Core exercises work the muscles in your pelvis, lower back, obliques, hips, and abdomen. If it’s not leg or arm-specific, it’s a core exercise.
Abdominal muscles are considered “core” because they’re the foundation of a strong and stabilizing midsection. A strong core is essential. It protects your spine, helps you balance, and efficiently transfers power between your upper and lower body. Core muscles play a part in everyday activities from carrying groceries to playing with your kids. Studies even indicate that core exercises prevent back injuries by keeping the spine in a neutral position.
There are many ways to train your core, but targeted exercises are more effective than a general workout. (Always consult your physician before starting any exercise program.)
Core Exercise Benefits
Working the core isn’t anyone’s favorite part of exercising. Take heart; core exercises offer the biggest return on investment of any exercises you might do. Benefits include:
- Strengthening and toning abdominal muscles
- Reducing risk of injuries, especially to the lower back
- Improving balance and stability—which helps prevent falls
- Enhancing sports performance
- Reducing fatigue
- Correcting posture problems by ensuring proper spine alignment
- Increasing stamina to lift weights and do other exercises
The Key 3
Different bodies tend to respond differently to any given exercise. Some core exercises, however, are remarkably effective for everyone. Incorporate these three into your workout at least three times a week (or make them your workout). As with all exercise, be sure to warm-up before working out your core.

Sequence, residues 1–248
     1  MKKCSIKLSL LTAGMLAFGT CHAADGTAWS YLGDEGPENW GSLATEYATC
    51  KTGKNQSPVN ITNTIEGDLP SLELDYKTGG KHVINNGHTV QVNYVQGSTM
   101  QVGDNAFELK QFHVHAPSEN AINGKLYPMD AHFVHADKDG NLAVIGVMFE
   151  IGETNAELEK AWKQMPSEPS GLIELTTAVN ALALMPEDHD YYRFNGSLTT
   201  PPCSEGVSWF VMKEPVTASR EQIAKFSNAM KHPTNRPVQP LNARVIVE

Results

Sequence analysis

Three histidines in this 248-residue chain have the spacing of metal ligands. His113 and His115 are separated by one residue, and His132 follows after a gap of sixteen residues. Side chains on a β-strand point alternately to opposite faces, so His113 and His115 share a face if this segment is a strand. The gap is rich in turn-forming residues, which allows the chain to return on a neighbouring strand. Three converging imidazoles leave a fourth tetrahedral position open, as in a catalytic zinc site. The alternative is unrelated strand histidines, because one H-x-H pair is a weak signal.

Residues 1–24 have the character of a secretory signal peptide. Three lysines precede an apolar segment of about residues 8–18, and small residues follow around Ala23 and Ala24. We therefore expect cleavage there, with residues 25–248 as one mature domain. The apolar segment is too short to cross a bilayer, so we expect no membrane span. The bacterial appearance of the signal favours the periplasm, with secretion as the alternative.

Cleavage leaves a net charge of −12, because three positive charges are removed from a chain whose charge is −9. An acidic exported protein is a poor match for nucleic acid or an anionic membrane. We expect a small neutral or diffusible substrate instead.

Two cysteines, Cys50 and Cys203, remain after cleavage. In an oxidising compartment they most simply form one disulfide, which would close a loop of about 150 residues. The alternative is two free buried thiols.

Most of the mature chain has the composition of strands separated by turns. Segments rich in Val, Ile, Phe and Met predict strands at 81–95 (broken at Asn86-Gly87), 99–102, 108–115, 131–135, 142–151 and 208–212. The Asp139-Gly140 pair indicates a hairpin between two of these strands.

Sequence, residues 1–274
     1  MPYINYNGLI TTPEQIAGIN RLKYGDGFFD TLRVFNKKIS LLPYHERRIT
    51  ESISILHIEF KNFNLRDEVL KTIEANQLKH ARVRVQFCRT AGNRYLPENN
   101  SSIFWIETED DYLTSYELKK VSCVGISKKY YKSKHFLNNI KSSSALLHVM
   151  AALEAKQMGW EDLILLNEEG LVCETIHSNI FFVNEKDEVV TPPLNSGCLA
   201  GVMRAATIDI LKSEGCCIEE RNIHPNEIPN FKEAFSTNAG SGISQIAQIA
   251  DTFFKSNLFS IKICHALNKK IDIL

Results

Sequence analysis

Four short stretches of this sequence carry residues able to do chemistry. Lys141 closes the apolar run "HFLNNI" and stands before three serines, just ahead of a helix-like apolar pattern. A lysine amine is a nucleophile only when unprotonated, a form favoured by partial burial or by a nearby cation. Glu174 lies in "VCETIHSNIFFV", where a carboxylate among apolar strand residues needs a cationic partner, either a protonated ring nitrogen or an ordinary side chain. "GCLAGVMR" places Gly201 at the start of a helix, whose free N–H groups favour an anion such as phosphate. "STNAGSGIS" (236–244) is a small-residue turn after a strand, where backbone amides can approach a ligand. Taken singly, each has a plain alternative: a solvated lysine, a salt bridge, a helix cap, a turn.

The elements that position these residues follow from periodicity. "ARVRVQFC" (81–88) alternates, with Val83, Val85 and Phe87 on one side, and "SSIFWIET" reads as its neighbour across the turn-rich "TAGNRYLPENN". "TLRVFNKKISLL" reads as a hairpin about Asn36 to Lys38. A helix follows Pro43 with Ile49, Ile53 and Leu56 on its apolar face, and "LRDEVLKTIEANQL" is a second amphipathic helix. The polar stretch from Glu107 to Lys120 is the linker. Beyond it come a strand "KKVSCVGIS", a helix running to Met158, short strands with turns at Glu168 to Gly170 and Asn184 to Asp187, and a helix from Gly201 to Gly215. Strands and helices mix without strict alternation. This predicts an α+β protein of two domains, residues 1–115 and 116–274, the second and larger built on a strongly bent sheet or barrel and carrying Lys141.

- Start by lying on your stomach with elbows bent 90 degrees (like the Sphinx).
- Raise yourself up, onto your toes and forearms, so that only your forearms and toes are touching the ground.
- Keep your body rigid, in a straight line from head to toe. Engage your abs by squeezing them tight.
- Hold for 10 to 30 seconds, or as long as you can. Do 3 to 5 reps.
- Lie on your back with your knees bent and feet flat on the floor.
- Place your hands behind your head, elbows pointing out to the sides.
- Slowly raise your shoulders off the floor by contracting your abs.
- Keep your neck and head in line with your spine (no craning!).
- Reverse the motion, lowering your shoulders to the starting position at the same steady pace. Do 10 to 15 reps.
- Arm-and-Leg Raises
- Set yourself on hands and knees, with back and neck straight.
- Slowly lift your right arm and left leg, aligning them with your body.
- Hold for a count of three, then lower.
- Switch arm and leg, and repeat. Do 10 to 12 per side.
Adaptive Core Exercises
Find these three exercises too challenging? Here are options adapted to the needs of the elderly and anyone with mobility or back issues.
- Modified Superman
- Lie face down with your arms stretched out in front of you (like Superman flying).
- Lift your left arm and right leg along with your head. (If this is too much, just do your arm and then your leg.)
- Hold for five seconds.
- Repeat ten times, alternating arms and legs.
- You can also do this while sitting on a chair, if it’s not possible to lay on your stomach.
- Seated Leg Raisers
- Sit on a comfortable seat with no back, and at the right height so that your knees are bent 90°.
- Brace yourself with your hands as necessary, keep your spine and neck in proper upright position, and raise one leg straight out in front of you.
- Hold for 3 to 5 seconds.
- Lower the leg and switch to you second leg. Do 10 to 15 reps per leg.
- Side bends
- Stand straight with good posture and your feet shoulder-width apart.
- Stretch to the right, with your left hand on your hip.
- Reach down and try to touch the fingers of your right hand to your right knee. Don’t strain or overstretch.
- Return to the starting position, and repeat on the left side. Do 5 to 10 reps per side.
Don’t be discouraged if you can only do a couple repetitions to start with. Try the exercises every other day and eventually you’ll build up your flexibility and endurance. As you become comfortable with a number of reps, add more. No matter what, it is essential to use excellent form to get the most benefit and prevent pulling a muscle.
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